LatinaLista — A New York Times editorial today was the latest commentary to blast Alabama legislators for passing HB 56, otherwise known as THE immigration law.
The editorial pointed out the devastating unseen consequences of the law on the state’s economy.
Farmers can tally the cost of crops left to rot as workers flee. Governments can calculate the loss of revenues when taxpayers flee. It’s harder to measure the price of a ruined business reputation or the value of investments lost or productivity lost as Alabamians stand in line for hours to prove their citizenship in any transaction with the government. Or what the state will ultimately spend fighting off an onslaught of lawsuits, or training and deploying police officers in the widening immigrant dragnet, or paying the cost of diverting scarce resources away from fighting real crimes.
While commentary after commentary point out that when legislation like HB56 is passed an exodus of undocumented immigrants is likely to result leaving behind an absence felt in the state’s coffers, no one mentions the economic toll it takes on the immigrants themselves.
Maybe there’s an assumption that undocumented immigrants are either so resilient that they will bounce back and find work elsewhere or really will pack up and go back to their native countries.
Well, news of a new report, via the news organization Frontera Norte Sur, and issued by BBVA Research, an arm of the BBVA bank in Mexico, disputes both assumptions for Mexican immigrants.
According to the report, anti-immigrant legislation, record deportations and an unsteady economy have combined into the “perfect storm” of throwing 30 percent of undocumented Mexican immigrants overboard into a sea of poverty. The statistic is the highest since the Great Recession started.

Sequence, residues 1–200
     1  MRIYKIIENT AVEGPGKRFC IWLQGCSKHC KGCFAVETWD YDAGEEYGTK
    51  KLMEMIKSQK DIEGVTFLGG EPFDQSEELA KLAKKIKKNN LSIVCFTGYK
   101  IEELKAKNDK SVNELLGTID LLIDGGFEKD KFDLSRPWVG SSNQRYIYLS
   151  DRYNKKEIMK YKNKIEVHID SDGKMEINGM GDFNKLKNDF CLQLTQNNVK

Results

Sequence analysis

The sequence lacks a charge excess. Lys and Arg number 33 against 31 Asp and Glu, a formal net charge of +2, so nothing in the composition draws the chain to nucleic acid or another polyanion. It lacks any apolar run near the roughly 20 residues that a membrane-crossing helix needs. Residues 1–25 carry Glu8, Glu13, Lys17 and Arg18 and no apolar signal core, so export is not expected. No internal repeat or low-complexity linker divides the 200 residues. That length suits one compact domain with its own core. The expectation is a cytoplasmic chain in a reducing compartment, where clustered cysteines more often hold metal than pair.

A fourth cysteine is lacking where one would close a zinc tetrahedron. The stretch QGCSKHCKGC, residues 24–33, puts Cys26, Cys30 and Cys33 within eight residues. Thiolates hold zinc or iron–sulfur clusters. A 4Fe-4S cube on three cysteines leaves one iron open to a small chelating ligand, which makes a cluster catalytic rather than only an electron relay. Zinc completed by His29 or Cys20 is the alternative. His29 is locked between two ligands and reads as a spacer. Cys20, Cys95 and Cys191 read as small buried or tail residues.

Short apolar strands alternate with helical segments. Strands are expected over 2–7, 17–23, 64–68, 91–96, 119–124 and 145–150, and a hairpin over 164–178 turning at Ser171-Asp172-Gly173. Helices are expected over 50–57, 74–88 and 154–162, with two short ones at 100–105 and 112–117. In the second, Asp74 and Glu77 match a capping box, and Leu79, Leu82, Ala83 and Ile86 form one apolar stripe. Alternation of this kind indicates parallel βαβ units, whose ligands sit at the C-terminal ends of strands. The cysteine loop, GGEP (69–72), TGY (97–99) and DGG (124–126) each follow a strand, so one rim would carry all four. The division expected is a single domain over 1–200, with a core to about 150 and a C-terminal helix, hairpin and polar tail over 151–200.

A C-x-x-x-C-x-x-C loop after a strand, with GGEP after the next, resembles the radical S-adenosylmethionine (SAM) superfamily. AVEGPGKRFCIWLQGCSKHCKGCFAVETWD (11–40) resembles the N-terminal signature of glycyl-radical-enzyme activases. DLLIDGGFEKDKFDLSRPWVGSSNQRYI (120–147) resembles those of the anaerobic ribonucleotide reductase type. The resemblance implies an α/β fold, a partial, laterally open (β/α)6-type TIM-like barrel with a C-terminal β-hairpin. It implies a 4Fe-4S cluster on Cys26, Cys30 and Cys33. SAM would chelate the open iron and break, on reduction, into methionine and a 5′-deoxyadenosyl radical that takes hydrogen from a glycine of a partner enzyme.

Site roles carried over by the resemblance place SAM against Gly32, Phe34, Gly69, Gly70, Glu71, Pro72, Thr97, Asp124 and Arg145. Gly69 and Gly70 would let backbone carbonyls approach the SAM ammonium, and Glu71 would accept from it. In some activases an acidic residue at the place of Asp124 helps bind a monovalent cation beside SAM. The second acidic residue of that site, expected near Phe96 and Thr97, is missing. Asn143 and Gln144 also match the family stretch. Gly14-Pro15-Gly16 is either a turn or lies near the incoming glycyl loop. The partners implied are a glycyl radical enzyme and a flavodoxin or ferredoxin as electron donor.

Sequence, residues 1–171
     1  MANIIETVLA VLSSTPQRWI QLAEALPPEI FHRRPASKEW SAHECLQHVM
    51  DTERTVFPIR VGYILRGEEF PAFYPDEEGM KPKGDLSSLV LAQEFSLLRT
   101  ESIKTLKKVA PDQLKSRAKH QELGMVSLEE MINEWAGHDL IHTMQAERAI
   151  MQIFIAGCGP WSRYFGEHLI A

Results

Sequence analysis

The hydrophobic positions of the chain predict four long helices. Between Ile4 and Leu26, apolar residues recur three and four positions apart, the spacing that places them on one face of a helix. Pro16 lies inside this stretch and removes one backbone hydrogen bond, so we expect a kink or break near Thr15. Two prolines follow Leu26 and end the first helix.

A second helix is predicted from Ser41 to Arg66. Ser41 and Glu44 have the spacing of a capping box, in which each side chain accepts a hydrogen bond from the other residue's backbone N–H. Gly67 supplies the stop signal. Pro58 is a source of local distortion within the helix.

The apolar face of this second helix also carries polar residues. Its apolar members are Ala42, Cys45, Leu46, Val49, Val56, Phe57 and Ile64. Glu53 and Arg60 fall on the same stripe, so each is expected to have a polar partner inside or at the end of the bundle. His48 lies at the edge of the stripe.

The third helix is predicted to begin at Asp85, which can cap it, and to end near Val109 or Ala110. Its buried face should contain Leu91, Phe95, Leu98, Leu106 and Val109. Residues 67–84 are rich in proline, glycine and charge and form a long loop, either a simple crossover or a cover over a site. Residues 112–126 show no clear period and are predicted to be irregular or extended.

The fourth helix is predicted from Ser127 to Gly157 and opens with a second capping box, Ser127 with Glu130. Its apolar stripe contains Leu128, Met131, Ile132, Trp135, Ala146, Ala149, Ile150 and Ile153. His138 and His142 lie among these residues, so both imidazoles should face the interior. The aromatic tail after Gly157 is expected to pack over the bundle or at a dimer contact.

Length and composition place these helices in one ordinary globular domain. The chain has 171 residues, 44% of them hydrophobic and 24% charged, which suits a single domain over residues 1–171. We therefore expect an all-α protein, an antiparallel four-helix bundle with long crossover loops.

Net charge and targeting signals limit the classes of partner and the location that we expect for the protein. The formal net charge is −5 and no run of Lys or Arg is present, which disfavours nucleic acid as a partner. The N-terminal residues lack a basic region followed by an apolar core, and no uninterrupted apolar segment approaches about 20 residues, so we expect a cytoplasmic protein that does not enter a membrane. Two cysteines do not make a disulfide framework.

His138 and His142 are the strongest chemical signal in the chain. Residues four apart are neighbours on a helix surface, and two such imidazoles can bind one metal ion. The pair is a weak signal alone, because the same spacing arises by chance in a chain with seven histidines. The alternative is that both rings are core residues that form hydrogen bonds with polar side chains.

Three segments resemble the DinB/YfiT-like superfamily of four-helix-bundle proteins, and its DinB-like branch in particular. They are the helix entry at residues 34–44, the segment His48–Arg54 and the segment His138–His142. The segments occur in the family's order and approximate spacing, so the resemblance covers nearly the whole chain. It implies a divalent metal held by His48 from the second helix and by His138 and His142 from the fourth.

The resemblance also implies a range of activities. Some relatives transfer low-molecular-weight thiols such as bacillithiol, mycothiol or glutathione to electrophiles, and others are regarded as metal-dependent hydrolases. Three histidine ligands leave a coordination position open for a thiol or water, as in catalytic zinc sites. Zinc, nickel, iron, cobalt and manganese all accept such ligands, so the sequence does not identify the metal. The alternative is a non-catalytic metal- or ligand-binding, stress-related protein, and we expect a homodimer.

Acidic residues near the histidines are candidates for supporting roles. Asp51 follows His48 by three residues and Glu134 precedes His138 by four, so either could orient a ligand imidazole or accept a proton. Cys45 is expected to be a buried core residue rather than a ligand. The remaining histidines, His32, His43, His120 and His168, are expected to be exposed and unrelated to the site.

The report’s authors noted that before the recession, poverty among Mexican immigrants was declining in the United States and stood at 22 percent.
“As a whole, Mexican migrants are among the groups that show high levels of poverty in the US; they were the most affected by the recent economic crisis, which brought them to the highest levels of poverty in the last two decades,” states the study.
In comparison to the almost one-third of the Mexican immigrant population that finds itself in impoverished circumstances, 15 percent of the US population is considered to be in the same situation. By the same token, Mexican immigrant poverty is higher than the rate experienced by the overall US Latino population, which currently impacts 26.7 percent of the ethnic group.
The study’s authors also found that it’s not just recent immigrants who are experiencing poverty.
At the same time, the number of second generation Mexican immigrants slipping into poverty soared from 3.8 million in 2007 to 6 million in 2011, an increase which amounted to one-fourth of all second generation Mexican immigrants residing in this country.
If the United States was nothing more than a source of employment, common sense dictates that most of these undocumented immigrants would return home. Yet, given the few numbers of Mexican migrants who have actually returned to Mexico voluntarily, it looks like these immigrants are already home.
Isn’t it time that they be recognized so they can get to work to help troubled state and city economies? Lift their families, who no doubt include US-born children, out of poverty? And start being full participating members of society?
No one enjoys living in poverty or living under constant threat of persecution and deportation but it’s far worse to be driven from a country who gladly accepted the hard work of low-paid labor and now declares Public Enemy #1 the very people who helped contribute so much in building and feeding this country.